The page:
The engine didn't really work until the priest figured it out for them.
He wasn't a priest anymore, at least if you asked the Church, but he still thought himself one. And he didn't tell them why it was failing. It wasn't an engine, either.
But Rockefeller thought it was an engine, and therefore everybody in the project called it an engine, which lead to everybody thinking of it as an engine, even the scientists. From that it followed that when they thought of engines they thought of pilots, and everybody knew the best pilots were strong, brave, of sound mind, and so on. The Consortium being the richest private enterprise on the planet, they found and discretely recruited the best of the best.
The priest himself, who was also a psychiatrist, had made sure they were.
So they took the bravest of the brave, put them in metal spheres, and used the engine-that-wasn't-an-engine to make them... go. How and where, nobody knew exactly. The pilots returned with tales of stars, empty space, and a coldness you could see. A nothing, a limbo. No matter how much the scientists tried to adjust the machinery, they could never get close enough to a star to see a planet, much less land on one.
The answer came to the priest in a dream that wasn't one. He didn't tell anybody what the dream told him. He spoke to the scientists and the financiers about "psychic waves" and the influence of "strong self image" on the engine's "guidance fields." Pure nonsense, and the scientists scoffed, but it sounded reasonable to the financiers, and they allowed him to make an experiment.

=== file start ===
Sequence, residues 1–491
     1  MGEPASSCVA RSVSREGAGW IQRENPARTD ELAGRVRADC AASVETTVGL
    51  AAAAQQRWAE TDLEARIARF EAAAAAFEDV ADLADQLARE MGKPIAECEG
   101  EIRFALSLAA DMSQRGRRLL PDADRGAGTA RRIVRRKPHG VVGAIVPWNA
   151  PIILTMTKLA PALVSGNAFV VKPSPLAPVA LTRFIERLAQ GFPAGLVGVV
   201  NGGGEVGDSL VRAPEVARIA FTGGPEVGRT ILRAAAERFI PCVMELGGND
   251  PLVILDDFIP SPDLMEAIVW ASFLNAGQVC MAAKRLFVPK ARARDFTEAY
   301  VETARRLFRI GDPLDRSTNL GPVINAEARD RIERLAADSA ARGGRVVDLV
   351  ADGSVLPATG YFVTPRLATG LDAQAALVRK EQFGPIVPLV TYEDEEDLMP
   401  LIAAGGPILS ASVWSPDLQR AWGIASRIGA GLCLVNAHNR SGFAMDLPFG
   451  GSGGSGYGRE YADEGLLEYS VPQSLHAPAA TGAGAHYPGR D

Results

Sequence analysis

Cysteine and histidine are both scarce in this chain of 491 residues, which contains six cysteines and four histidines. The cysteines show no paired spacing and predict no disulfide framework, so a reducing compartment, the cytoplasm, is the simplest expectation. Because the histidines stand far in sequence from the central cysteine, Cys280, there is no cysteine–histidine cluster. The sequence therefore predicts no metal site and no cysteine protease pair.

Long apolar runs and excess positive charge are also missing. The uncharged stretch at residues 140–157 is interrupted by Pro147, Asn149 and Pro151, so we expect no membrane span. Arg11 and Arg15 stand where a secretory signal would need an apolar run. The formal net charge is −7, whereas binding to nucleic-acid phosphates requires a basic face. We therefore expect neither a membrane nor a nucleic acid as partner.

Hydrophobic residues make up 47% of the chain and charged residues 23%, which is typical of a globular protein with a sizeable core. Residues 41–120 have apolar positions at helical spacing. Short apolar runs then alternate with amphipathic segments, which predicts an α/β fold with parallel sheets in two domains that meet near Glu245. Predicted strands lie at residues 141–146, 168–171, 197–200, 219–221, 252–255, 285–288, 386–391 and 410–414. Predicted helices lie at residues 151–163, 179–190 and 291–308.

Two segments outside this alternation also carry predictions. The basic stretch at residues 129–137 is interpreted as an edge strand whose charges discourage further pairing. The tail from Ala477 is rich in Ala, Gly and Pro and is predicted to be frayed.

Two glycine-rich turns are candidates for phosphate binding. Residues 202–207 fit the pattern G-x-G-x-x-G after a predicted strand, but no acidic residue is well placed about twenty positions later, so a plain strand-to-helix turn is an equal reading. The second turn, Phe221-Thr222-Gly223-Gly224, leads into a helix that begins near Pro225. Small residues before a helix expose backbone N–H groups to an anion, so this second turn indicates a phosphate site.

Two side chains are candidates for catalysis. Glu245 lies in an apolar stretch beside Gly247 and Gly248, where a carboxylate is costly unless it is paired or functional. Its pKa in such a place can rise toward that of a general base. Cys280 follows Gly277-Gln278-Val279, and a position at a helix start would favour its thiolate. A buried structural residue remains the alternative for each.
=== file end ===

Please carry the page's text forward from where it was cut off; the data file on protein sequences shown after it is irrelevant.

The next crew wasn't selected from the best of the best. They were desperate, unstable — prisoners plucked from Death Row, not aces selected from air forces. They returned with the description of a bleak plain and samples of earth the chagrined scientists said were not of Earth.
After that test came more. After those tests the founding of a colony. The priest went, too. Nobody commented on the fact that he was one of those the engine would transport. But he had been certain even before the first experiment. The weight of his sins was heavy enough that the engine-that-wasn't would take him to Hell. He had to go. The dream had told him he would redeem himself there by building a second Heaven to replace the one God has destroyed in His death throes, and Barrow had stained his hands with innocent blood and innocent souls, but he wasn't one to shun fate.